The Garden Palace

Sydney's Garden Palace captivated society from its opening in 1879.

The fire

In the early hours of 22 September 1882 tragedy struck when the palace was engulfed by fire. Among the building’s contents — all destroyed — was the foundation collection of the Technological and Sanitary Museum, due to open on 1 December 1882. This collection included significant ethnological specimens such as Australian Indigenous artefacts, many of which were acquired from the Sydney International Exhibition. Collections belonging to the Linnean Society and Arts Society of New South Wales were lost, as was the colony’s census of 1881, documents relating to land occupation and railway surveys. The fire was so ferocious that the windows in the terraces along Macquarie Street cracked with the heat and sheets of corrugated iron were blown as far away as Elizabeth Bay. 

Garden Palace burning
Burning of the Garden Palace, Sydney, September 22 1882, Supplement to the Illustrated Sydney News, October 25,1882

Despite very little surviving the fierce fire, the Library has in its collection a piece of molten glass that was retrieved from the remains of the Garden Palace and donated to the Library in 1974. 

How did the fire start?

No one knows how the fire started on that fateful September morning, and despite an official enquiry no explanation was ever delivered. One theory blamed the wealthy residents of Macquarie Street, disgruntled at losing their harbour views. Another was that it was burnt to destroy records stored in the basement of the building that contained embarrassing details about the convict heritage of many distinguished families.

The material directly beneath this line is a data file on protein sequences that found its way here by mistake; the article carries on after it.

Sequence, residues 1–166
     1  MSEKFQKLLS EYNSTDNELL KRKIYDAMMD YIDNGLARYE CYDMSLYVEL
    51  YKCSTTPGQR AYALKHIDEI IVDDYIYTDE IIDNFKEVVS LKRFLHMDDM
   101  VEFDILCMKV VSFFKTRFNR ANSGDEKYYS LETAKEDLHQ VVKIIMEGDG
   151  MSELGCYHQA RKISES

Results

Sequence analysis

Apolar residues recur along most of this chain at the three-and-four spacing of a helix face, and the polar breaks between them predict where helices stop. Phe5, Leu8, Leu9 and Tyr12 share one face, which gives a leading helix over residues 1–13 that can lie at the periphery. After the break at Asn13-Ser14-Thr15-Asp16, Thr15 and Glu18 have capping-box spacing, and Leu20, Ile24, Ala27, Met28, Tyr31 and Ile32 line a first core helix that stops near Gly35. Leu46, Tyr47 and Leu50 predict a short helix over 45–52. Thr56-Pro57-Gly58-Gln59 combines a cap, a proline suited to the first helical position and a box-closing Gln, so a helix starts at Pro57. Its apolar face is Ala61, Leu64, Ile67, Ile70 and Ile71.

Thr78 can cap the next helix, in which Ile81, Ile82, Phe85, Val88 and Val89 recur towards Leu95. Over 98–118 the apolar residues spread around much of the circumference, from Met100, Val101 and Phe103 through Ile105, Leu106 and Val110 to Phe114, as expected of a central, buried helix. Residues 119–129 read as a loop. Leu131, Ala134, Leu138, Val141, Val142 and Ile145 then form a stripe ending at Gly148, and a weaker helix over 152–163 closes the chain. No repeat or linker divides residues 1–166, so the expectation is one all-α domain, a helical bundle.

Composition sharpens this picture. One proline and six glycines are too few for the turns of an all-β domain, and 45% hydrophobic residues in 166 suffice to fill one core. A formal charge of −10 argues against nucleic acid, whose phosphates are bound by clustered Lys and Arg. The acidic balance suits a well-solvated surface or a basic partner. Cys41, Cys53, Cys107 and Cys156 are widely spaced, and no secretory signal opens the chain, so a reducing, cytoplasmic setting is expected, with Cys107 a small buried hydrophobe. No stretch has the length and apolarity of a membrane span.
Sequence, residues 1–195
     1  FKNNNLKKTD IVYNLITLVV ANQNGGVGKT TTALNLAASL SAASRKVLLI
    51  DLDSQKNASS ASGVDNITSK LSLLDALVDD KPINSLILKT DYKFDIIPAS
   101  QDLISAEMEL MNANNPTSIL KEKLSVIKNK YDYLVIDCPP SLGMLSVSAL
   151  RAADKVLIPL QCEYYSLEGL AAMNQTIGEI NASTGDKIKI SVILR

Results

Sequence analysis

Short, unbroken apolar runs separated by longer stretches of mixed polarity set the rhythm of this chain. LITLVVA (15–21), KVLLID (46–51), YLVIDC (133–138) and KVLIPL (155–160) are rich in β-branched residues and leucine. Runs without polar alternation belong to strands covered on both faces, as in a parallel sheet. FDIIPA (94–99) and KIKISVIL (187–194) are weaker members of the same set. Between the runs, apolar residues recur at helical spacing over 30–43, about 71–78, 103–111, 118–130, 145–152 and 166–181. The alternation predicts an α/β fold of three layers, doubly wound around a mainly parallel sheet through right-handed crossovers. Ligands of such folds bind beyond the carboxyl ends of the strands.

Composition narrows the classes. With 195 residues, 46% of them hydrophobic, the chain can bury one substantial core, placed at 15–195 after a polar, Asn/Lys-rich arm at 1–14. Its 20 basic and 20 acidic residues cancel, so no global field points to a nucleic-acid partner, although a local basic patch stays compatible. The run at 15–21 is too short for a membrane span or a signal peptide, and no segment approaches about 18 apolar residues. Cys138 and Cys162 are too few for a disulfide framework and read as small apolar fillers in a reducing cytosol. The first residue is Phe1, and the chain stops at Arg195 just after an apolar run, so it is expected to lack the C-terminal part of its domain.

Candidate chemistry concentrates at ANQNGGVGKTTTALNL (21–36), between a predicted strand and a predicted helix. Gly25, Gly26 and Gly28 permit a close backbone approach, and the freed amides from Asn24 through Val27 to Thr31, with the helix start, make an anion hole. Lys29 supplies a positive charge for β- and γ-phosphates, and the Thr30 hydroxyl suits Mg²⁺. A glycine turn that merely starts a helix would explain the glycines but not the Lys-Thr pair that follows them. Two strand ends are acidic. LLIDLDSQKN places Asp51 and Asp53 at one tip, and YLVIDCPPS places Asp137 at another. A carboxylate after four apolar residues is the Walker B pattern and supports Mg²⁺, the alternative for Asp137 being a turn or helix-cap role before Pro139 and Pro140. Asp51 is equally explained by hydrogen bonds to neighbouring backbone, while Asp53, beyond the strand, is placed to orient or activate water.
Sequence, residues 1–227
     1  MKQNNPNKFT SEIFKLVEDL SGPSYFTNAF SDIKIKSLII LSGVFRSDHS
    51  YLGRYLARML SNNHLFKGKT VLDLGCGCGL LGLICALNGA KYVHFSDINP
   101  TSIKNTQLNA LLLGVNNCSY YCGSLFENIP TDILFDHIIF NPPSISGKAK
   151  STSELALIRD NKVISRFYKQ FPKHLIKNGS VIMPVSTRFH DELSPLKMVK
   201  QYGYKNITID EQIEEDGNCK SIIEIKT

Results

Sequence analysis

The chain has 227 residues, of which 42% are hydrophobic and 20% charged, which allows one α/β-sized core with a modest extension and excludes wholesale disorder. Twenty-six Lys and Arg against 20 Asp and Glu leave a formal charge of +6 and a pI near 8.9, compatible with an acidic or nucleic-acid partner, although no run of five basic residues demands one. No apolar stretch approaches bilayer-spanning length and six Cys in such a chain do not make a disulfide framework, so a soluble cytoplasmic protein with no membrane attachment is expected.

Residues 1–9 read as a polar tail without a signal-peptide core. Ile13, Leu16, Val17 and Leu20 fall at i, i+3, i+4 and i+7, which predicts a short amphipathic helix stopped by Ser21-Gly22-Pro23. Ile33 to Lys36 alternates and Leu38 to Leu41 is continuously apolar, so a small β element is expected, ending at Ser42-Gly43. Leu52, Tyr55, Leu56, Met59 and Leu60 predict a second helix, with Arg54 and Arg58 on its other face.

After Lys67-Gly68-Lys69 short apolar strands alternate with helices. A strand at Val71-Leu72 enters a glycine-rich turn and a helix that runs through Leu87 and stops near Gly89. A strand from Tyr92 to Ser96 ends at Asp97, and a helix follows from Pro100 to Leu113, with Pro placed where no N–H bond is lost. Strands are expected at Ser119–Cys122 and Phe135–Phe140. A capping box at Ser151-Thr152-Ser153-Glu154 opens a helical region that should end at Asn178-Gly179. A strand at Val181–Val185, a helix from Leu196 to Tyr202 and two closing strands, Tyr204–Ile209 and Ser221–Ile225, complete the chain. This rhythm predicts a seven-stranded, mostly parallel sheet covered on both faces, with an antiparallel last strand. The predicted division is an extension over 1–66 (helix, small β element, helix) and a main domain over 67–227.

Margaret Lyon, daughter of the Garden Palace decorator John Lyon, wrote in her diary

 ... a gentleman who says a boy told him when he was putting out the domain lights, that he saw a man jump out of the window and immediately after observed smoke, they are advertising for the boy ... 

Margaret Stowe, nee Lyon diary, (MLMSS 1381/Box 1/Item 2)


Neither the boy nor the man were identified.

There are many eye witness accounts of the fire that day. From nightwatchman Mr F. Kirchen and his replacement Mr J. McKnight, to an emotional description by fourteen year old student Ethel Pockley. Although there were conflicting accounts as to where the fire may have started, is  seems likely that the fire started in the basement with flames rising around the statue of Queen Victoria, situated directly under the dome. 

The coroner did not make a conclusive finding on the cause of the fire, however the fact that there were workmen working under the floor of the basement in the building the day before the fire started, suggests a possibility that the fire was caused by the work being undertaken by the men.